Young plans to put together educational programs and field trips where students can pick vegetables for themselves and bring recipes home and get their parents involved as well.
Besides students, Walker hopes to help out local senior citizens with the urban farm on the old Westwood property on Sixth Street. He got off to a late start with that one and didn’t get much produce from it this summer, but he’s excited for next year.
He has met with the Campbell County Senior Center and will be planning an events calendar for the seniors where they can pick, plant, weed or water the garden, and a certain amount of produce from that farm will go to the Senior Center.
Walker’s not thinking about expanding yet. He wants to see how things go next year, then work on making his business model scalable.
If it does take off, Walker envisions having small distribution centers in different parts of the state. In the next six years, he hopes to be in five or six other cities in Wyoming.
With the COVID-19 pandemic, many people were stuck at home and their fast-paced lives slowed down to a crawl. Walker hopes that as things get back to normal, that slower pace sticks around.
“We’ve got a good opportunity to slow our lives down, pump the brakes,” he said. “We shouldn’t be so eager to turn it back into the fast thing it was. Slow down, look it over, pay attention.”
If Gillette College is to become part of its own community college district, separating from the Northern Wyoming Community College District will require a lot of financial finagling.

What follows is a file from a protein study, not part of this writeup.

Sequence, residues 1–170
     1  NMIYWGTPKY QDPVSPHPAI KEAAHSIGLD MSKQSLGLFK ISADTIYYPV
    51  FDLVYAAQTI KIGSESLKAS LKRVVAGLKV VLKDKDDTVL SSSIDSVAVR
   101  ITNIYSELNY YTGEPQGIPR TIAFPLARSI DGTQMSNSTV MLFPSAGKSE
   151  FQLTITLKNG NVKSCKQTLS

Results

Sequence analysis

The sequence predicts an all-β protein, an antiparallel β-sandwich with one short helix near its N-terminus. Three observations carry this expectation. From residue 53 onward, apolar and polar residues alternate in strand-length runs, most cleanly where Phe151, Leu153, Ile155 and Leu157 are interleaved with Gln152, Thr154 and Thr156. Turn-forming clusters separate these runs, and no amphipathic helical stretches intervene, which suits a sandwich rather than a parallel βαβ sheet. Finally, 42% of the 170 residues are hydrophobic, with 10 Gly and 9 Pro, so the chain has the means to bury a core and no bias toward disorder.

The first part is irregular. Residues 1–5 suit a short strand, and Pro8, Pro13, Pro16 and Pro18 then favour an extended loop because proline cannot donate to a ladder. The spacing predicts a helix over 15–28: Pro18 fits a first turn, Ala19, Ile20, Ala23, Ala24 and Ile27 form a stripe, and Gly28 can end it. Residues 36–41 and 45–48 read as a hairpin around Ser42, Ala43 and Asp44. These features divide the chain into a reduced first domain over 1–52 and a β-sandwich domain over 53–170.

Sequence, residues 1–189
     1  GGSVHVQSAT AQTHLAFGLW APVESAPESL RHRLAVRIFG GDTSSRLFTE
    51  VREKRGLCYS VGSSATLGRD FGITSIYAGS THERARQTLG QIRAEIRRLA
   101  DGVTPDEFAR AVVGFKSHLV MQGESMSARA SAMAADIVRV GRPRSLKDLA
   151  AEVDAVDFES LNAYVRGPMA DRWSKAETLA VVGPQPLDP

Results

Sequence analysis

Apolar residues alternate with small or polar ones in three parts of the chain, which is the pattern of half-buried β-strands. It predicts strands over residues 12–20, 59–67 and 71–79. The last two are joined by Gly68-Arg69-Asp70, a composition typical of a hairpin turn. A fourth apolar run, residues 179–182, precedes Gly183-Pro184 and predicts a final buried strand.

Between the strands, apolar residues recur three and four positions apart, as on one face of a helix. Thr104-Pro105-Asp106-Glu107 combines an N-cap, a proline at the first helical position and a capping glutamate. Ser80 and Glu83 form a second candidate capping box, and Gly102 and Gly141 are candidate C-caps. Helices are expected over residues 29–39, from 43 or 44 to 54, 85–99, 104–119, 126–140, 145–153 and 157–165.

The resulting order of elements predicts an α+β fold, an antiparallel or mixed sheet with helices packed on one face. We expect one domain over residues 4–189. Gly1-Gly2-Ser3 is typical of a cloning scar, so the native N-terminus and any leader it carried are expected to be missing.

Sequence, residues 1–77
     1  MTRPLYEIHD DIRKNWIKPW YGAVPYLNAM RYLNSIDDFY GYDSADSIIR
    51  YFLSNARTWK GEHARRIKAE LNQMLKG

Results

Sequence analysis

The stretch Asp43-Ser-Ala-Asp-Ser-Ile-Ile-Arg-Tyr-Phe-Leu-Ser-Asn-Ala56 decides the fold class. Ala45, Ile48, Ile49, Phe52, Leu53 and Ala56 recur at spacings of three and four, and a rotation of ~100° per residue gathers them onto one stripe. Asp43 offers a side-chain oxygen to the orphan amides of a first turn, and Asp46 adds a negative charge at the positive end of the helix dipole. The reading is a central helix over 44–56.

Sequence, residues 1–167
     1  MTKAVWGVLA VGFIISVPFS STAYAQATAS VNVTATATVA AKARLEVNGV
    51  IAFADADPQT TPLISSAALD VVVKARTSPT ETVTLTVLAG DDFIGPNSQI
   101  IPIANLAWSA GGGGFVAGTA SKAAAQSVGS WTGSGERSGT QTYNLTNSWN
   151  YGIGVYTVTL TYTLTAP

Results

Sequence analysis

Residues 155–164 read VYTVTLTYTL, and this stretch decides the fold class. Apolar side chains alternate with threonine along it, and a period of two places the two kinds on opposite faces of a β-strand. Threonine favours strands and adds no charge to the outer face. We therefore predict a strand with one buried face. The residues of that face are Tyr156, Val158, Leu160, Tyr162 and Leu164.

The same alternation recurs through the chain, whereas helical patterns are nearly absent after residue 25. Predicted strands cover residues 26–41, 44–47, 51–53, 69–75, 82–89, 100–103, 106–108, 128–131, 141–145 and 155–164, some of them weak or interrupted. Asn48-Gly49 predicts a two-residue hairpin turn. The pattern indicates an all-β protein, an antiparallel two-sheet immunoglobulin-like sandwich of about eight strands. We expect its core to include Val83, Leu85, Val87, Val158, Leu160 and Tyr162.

Ownership stakes in some Gillette College assets would have to be sorted out, including the Pronghorn Center and Gillette Technical Education Center.
Also, in the event of a split overhead costs currently shared with the NWCCD would have to be paid separately, possibly costing each district millions of dollars. It would sever the connection between Gillette College and the NWCCD, which started as Sheridan College.
The Wyoming Community College Commission has 90 days to review and decide on Campbell County’s application to form a new district. The clock began ticking with the formal submission of the application Sept. 1. If approved, it would move to the state Legislature and from there, to a public vote.
If Gillette College has its own governing district, it will be challenging to work out that financial separation and how that could potentially impact the local college or the NWCCD moving forward.
“It is very difficult to estimate the fiscal impact of a split just using round numbers,” said NWCCD Vice President and Chief Financial Officer Cheryl Heath during a recent Gillette College advisory board work session.